It is Saturday morning. The work week is over, and today's the day I visit my mum. Every weekend. And every time I arrive, my mother is surprised and delighted to see me. She is as excited as a small child—wobbly and a little teary. Every week we have a special reunion.
She’s spotted my car from her armchair in the dayroom and races along the hall. By the time I arrive, she’s waiting in the foyer.
Darling, how lovely that you've come! What day is it?
You should be with your family!
You are my family, Mum.
Tell me dear, what day is it?
My mother is in her mid-80s. Depending on who I'm talking to, she is Mum, Nanny or E. Mum has been living in a rest home for four and a half years. She has dementia, probably of the Alzheimer's type.
Mum has a diary. When she first moved to the rest home, she referred to it constantly. It was crammed with appointments, clippings and lists. Scrawled across the pages were questions for herself. “Que faire?” ["What to do?"] she'd write in her schoolgirl French. Or, “Must talk to the doctor!” Or the heartbreaking, “I can't go on.”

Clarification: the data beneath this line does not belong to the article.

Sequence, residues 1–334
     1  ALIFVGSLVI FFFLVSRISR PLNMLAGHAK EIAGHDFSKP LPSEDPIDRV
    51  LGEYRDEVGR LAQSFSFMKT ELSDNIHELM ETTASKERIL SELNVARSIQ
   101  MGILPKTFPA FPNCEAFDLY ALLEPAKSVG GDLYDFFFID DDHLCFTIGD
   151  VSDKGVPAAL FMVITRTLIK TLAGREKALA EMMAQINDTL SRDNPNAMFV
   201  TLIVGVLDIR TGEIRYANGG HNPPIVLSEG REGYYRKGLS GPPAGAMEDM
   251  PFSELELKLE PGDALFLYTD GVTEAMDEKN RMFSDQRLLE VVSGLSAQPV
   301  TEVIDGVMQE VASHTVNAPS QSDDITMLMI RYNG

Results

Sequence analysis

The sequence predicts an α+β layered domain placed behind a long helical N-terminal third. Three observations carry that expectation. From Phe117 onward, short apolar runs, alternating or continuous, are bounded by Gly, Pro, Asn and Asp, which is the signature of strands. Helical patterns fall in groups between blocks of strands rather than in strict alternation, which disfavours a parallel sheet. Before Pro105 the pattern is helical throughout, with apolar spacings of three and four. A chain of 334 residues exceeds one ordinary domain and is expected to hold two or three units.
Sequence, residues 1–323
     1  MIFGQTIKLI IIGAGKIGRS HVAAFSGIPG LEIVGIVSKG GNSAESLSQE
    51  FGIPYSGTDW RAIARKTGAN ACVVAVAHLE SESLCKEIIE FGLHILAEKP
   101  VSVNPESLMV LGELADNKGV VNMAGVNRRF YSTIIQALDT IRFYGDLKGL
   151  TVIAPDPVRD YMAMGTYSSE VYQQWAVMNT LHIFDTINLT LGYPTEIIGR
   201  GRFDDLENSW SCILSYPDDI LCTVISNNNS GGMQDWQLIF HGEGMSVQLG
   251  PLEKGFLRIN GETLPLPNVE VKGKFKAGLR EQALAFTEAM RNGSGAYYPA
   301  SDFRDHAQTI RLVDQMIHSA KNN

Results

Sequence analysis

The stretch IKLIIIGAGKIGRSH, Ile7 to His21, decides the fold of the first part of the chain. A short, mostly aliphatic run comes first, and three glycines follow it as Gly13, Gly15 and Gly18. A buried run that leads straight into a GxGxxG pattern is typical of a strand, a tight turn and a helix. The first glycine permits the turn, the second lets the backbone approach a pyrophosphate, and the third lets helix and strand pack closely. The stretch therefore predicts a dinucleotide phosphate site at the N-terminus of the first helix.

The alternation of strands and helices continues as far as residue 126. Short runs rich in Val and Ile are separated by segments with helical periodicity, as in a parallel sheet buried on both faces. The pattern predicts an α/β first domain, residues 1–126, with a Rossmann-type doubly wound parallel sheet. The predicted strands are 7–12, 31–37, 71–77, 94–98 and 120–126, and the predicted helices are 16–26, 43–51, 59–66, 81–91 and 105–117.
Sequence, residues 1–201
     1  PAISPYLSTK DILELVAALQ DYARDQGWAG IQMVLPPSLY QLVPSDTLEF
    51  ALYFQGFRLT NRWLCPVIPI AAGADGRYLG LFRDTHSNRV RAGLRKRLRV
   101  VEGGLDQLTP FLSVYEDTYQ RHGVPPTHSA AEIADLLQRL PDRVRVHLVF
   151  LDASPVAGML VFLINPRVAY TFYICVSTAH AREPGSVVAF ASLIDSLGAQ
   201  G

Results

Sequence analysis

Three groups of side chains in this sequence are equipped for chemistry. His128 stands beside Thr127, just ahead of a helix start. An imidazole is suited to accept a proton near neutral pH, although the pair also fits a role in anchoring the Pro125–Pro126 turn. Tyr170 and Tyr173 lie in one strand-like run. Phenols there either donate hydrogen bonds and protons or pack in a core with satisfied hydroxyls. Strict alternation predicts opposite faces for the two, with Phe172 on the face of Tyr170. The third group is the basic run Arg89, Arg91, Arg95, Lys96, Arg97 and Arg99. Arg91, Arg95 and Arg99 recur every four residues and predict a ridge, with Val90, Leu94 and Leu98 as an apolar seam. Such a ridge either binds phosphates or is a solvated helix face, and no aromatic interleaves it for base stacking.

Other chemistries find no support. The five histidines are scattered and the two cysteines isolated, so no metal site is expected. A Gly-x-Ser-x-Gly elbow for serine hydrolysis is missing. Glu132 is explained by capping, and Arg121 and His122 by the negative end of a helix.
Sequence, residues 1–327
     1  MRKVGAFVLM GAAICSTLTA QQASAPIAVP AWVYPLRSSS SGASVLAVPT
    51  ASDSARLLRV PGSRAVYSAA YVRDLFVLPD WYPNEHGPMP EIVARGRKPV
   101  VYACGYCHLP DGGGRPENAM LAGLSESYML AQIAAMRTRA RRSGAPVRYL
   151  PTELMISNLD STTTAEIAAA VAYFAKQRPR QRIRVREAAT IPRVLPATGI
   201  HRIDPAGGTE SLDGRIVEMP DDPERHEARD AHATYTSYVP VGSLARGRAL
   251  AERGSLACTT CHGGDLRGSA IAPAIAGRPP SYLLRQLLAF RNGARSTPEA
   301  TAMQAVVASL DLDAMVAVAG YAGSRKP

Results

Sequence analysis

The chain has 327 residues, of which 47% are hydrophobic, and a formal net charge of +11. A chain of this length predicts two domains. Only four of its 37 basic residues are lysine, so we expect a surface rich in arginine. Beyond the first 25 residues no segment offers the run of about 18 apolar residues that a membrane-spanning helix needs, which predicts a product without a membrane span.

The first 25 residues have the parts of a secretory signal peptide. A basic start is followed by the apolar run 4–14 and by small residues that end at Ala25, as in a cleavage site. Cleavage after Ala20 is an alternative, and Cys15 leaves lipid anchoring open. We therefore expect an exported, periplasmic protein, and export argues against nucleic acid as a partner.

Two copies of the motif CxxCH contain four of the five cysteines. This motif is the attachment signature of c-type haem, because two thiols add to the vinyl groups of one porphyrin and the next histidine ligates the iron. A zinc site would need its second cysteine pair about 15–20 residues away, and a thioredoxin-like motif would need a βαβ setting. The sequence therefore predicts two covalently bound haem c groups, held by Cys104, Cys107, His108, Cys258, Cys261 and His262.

When I found the unfamiliar NFV acronym scrawled across the pages, I asked her what it meant. “No Family Visit,” she said. I couldn't think of a single thing to say.
Now her diary is mostly blank. Others write in appointments, but she can't remember to check it.
So, today is the day I visit my mum. What to do? Most of the time Mum lives completely in the moment with a bit of time-travelling on the side. But we could do anything, really. The world’s our oyster.